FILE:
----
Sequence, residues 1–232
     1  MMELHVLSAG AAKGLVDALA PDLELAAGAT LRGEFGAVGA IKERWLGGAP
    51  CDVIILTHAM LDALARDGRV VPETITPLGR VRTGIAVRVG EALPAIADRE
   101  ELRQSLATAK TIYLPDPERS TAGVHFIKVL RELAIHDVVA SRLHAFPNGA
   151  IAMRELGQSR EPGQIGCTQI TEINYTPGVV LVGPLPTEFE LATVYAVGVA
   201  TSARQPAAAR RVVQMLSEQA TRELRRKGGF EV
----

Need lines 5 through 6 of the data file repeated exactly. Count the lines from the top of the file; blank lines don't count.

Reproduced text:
   151  IAMRELGQSR EPGQIGCTQI TEINYTPGVV LVGPLPTEFE LATVYAVGVA
   201  TSARQPAAAR RVVQMLSEQA TRELRRKGGF EV